) is a moribund Algic language
. It is the traditional language of the Yurok tribe
of Humboldt County
on the far North Coast of California
, most of whom now speak English
. As of 2000
among the speakers of the language were 75 individuals between the ages of 5 and 17, including 10 with limited English proficiency.
The standard reference on the Yurok language is the grammar by Robins (1958).
Concerning etymology of Yurok
), this below is from Campbell (1997):
Yurok is from Karuk yúruk meaning literally 'downriver'. The Yurok traditional name for themselves is Puliklah (Hinton 1994:157), from pulik 'downstream' + -la 'people of', thus equivalent in meaning to the Karuk name by which they came to be known in English (Victor Golla, personal communication)." (Campbell 1997:401, notes #131 & 132)
The connection of Wiyot and Yurok in northern California (which together were formerly called Ritwan, after Dixon and Kroeber's  grouping of the two as one of their more remote Californian stocks) with Algonquian was first proposed by Sapir (1913) and was quite controversial at that time (see Michelson 1914, 1915; Sapir 1915a, 1915b; see also Chapter 2), but the relationship has subsequently been demonstrated to the satisfaction of all (see Haas 1958; Teeter 1964a; Goddard 1975, 1979, 1990). Before 1850 the Yurok lived on the lower Klamath River. The Wiyot (earlier called Wishosk) lived in the Humboldt Bay area, in the redwood belt; the last fully fluent speaker died in 1962 (Teeter 1964b). Many scholars have commented that although Wiyot and Yurok are neighbors in northern California, they seem not to have a closer relationship with each other than either has with Algonquian...." (Campbell 1997:152).
The glottalized approximants may be realized as creaky voice
on the preceding vowel, a preceding glottal stop
, or both. They are often devoiced
when they occur at the end of a word.
- Blevins, Juliette (2003). "The phonology of Yurok glottalized sonorants: Segmental fission under syllabification". International Journal of American Linguistics 69 (4): 371–396.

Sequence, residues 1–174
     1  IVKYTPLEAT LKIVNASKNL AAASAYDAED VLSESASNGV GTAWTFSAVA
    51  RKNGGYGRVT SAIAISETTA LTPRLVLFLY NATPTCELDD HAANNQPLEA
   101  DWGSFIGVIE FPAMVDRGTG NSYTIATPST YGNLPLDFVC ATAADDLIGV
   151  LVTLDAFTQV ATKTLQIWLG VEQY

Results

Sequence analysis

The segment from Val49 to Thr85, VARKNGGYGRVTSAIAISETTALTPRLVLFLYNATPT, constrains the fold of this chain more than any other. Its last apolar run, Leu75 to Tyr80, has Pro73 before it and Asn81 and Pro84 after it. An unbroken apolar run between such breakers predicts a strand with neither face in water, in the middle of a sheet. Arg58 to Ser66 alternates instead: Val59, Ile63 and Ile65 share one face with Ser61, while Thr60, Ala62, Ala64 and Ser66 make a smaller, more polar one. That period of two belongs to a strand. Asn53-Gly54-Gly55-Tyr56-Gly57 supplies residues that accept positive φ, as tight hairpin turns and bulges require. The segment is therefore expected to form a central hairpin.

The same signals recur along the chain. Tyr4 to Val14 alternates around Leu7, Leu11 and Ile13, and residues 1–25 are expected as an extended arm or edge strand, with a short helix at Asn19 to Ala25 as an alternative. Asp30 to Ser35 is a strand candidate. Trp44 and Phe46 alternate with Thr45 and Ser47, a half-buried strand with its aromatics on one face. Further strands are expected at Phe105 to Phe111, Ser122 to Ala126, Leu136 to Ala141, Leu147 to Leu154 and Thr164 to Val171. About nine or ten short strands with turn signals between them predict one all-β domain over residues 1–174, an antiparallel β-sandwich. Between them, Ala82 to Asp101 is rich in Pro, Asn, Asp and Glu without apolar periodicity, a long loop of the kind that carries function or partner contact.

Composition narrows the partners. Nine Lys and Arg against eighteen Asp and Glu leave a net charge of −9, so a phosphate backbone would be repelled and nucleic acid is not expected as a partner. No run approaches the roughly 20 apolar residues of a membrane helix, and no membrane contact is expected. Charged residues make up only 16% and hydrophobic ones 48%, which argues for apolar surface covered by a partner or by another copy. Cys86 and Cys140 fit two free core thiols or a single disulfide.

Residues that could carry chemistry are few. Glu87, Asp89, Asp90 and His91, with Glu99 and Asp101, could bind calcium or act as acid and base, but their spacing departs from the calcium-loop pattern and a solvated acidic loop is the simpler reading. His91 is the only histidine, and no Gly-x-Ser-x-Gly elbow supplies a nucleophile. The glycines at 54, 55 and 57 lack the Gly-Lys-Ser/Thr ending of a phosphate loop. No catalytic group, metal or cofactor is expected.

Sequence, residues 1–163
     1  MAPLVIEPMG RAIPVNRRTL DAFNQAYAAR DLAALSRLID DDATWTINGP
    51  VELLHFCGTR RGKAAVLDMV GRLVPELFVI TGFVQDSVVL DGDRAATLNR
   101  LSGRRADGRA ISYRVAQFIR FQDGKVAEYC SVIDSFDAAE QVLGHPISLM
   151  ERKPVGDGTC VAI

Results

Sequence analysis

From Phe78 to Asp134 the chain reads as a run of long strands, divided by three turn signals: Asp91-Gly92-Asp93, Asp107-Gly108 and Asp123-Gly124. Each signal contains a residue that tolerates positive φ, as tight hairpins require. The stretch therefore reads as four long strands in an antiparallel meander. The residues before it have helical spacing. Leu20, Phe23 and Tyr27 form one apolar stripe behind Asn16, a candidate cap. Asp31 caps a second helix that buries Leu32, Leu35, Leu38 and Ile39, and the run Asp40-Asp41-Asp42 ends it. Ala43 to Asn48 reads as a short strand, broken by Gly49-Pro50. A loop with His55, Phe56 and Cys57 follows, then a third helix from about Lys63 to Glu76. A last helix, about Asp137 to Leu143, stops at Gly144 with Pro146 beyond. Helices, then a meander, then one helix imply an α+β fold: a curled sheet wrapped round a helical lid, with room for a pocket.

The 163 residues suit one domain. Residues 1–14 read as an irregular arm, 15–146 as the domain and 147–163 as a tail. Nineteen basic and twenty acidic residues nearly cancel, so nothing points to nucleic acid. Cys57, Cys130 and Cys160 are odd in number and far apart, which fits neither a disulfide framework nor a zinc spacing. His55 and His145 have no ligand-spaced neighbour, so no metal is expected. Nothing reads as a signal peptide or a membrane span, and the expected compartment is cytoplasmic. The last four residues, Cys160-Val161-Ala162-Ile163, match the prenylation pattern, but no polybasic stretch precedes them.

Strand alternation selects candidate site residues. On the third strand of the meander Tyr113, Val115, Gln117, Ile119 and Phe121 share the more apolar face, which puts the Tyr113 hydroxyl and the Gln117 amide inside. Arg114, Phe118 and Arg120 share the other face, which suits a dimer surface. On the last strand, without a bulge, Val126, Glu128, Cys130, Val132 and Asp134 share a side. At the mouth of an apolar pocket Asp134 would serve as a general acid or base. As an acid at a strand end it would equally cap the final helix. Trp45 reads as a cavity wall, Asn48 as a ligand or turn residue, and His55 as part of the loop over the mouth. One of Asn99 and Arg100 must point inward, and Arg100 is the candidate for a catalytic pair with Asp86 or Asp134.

- Campbell, Lyle. (1997). American Indian languages: The historical linguistics of Native America. New York: Oxford University Press.
- Dixon, Roland; & Kroeber, Alfred L. (1913). New linguistic families in California. American Anthropologist, 5, 1-26.
- Goddard, Ives. (1975). Algonquian, Wiyot, and Yurok: Proving a distant genetic relationship. In M. D. Kinkade, K. L. Hale, & O. Werner (Eds.), Linguistics and anthropology in honor of C. F. Voegelin (pp. 249-262). Lisse: Peter de Ridder Press.
- Goddard, Ives. (1979). Comparative Algonquian. In L. Campbell & M. Mithun (Eds.), The languages of native America: Historical and comparative assessment (pp. 70-132). Austin: University of Texas Press.
- Goddard, Ives. (1990). Algonquian linguistic change and reconstruction. In P. Baldi (Ed.), Linguistic change and reconstruction methodology (pp. 99-114). Berlin: Mouton de Gruyter.
- Haas, Mary R. (1958). Algonkian-Ritwan: The end of a controversy. International Journal of American Linguistics, 24, 159-173.
- Hinton, Leanne (1994). Flutes of fire: Essays on Californian Indian languages. Berkeley: Heyday Books.
- Michelson, Truman. 1914. Two alleged Algonquian languages of California. American Anthropologist, 16, 361-367.
- Michelson, Truman. 1915. Rejoinder (to Edward Sapir). American Anthropologist, 17, 4-8.
- Mithun, Marianne. (1999). The languages of Native North America. Cambridge: Cambridge University Press. ISBN 0-521-23228-7 (hbk); ISBN 0-521-29875-X.
- Robins, Robert H. 1958. The Yurok Language: Grammar, Texts, Lexicon. University of California Publications in Linguistics 15.
- Sapir, Edward. 1913. Wiyot and Yurok, Algonkin languages of California. American Anthropologist, 15, 617-646.
- Sapir, Edward. (1915)a. Algonkin languages of California: A reply. American Anthropologist, 17, 188-194.
- Sapir, Edward. (1915)b. Epilogue. American Anthropologist, 17, 198.